Glitterbomb unveiled itself to be a variety show featuring genderqueer burlesque and drag. The theme for each act in that weeks installment was junk food, and it was amazing. If I used Twitter, I would have live-tweeted it; instead, I posted a series of tipsy Facebook updates to document the proceedings. The boi emcee went by Milo Cox, and most of the performers appeared to present as female, although most also toyed with gender. The stage manager performed the opening number: a lesbian Oompa Loompa burlesque routine in which she stripped down to golden-ticket pasties.

Next, first-time audience members were ritually devirginized as at midnight screenings of The Rocky Horror Picture Show and then baptized in glitter. To counteract the terror and depression of Trumps new presidency, the emcee made a practice of announcing good news between acts; these dispatches ranged from global progress (like a species making it off the endangered species list) to very local breakthroughs (Lucy finally got her ex off the lease; someone heard from his parents for the first time in twenty years; another person got a new job). The crowd was here to witness and support people getting through life.

Photo by Lucas Hilderbrand, 2017.

Performers with such pop-culture double-entendre stage names as Justin Beaver and Strawberry Squirtcake took their turns on the stage, as did drag king Oliver Clothesoff, who offered an Oreo-themed act to Weird Al Yankovics The White Stuff. A genderqueer performer with a beard and amazing dance moves pulled Twinkies out of their underwear, crammed one whole in their maw, and then deep-kissed it into the mouth of someone standing in the front row. A femme dancer displayed her body strength and control, and a chaotic duo drizzled each other with Easy Cheese followed by bowls of queso.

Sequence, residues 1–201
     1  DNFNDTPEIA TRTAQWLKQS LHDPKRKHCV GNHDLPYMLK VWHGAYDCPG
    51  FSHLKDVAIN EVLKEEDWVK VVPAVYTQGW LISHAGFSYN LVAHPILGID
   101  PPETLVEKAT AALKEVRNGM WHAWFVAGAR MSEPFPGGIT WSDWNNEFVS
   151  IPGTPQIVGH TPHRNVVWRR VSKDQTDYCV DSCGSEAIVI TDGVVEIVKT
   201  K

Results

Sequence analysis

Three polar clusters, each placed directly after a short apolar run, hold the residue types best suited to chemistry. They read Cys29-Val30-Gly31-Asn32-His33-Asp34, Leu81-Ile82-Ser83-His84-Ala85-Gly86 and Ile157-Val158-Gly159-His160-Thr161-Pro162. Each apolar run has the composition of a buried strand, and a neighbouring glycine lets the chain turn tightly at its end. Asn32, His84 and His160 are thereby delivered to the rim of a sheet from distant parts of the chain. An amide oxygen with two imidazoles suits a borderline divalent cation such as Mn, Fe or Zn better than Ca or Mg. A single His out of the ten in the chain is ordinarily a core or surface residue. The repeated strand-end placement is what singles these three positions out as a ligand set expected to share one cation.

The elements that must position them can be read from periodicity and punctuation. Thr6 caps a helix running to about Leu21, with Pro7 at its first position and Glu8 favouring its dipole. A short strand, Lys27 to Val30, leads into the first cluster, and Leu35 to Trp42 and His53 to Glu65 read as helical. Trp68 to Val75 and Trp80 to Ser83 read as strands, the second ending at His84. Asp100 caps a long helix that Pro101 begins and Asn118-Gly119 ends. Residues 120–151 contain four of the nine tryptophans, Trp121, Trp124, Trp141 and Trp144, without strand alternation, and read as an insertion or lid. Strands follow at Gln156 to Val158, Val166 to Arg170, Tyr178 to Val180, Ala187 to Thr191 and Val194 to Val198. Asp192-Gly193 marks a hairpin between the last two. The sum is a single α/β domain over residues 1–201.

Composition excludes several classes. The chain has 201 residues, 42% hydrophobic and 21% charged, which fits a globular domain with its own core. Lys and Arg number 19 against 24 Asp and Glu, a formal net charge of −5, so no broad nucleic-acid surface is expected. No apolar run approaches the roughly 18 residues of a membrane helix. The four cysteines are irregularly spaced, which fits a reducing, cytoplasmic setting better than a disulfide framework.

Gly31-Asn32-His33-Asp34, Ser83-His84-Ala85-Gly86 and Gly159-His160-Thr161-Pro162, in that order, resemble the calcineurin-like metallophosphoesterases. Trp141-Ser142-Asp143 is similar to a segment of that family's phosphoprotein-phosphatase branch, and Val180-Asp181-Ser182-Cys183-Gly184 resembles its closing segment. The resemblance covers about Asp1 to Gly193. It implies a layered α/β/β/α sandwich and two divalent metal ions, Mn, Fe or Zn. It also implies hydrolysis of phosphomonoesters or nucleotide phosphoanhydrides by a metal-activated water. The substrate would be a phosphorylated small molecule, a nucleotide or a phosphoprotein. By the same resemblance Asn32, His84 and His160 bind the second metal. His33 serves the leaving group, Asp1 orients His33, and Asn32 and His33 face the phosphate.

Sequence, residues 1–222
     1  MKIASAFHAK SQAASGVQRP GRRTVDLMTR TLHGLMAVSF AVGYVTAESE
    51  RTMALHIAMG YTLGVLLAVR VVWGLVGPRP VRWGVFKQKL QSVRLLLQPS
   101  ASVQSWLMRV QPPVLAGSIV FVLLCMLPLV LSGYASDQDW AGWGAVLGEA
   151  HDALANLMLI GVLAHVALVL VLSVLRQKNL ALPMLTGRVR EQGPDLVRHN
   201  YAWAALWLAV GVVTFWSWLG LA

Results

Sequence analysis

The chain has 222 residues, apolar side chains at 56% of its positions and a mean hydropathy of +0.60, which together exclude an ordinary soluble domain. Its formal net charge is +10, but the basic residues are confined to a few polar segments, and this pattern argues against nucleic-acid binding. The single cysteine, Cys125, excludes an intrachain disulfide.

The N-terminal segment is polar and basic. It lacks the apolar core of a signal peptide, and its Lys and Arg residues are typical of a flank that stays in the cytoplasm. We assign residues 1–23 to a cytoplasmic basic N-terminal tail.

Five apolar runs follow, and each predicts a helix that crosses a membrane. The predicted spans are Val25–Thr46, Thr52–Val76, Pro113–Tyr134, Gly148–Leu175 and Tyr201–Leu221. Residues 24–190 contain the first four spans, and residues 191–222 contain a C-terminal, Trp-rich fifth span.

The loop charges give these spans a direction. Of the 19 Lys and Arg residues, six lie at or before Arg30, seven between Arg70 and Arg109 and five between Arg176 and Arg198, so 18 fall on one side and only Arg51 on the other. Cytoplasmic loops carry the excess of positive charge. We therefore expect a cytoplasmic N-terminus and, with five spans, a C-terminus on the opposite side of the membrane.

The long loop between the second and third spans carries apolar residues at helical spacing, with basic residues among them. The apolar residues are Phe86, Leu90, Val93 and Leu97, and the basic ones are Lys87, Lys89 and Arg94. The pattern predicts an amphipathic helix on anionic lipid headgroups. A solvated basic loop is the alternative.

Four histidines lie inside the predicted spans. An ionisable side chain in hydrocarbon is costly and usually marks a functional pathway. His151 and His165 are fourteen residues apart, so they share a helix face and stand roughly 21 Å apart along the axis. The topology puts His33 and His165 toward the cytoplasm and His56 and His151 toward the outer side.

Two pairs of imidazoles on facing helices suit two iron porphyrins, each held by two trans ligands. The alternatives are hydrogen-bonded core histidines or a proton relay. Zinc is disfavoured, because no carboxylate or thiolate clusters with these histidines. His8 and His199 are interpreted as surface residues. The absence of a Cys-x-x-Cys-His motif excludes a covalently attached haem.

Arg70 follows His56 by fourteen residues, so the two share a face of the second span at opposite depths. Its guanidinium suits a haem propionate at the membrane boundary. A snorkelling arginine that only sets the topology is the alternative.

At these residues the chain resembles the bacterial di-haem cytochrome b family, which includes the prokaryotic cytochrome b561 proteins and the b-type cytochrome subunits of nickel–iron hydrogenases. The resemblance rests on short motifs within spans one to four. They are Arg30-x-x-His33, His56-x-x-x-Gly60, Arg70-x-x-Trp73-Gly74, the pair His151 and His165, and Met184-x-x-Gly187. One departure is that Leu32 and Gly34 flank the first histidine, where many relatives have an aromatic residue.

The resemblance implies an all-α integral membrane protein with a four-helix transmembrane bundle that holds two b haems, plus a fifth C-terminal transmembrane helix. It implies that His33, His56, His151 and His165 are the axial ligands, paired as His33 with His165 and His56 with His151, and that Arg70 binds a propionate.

A woman in Ronald McDonald draga long red wig and terrifying clown makeuppulled off her pants while eating French fries. Like the processed foods that inspired it, the show was delicious. I have seen my share of questionable queer performance art and after-midnight nightclub genderfuck drag acts on the coasts, but this show managed to feel cathartic yet be in on its own joke. Queerness has been famously difficult for theorists to pin down and define, but here it was in its fabulous, playful, transgressive, messy, and world-making essence.

After the last act, the emcee announced that the following weeks show would be themed for Galentines Dayreferencing the alternative holiday celebrating female friendships invented by the sitcom Parks and Recreationand said, Come see some Leslie Knope action you never thought youd see. As soon as the show was over, the audience spontaneously rushed the stage to line dance for two songs. Everyone seemed to know every gesture and step. This was still Texas, after all. But seemingly the queer heart of it.


From The Bars Are Ours: Histories and Cultures of Gay Bars in America, 1960 and After by Lucas Hilderbrand. Copyright 2023. Available from Duke University Press.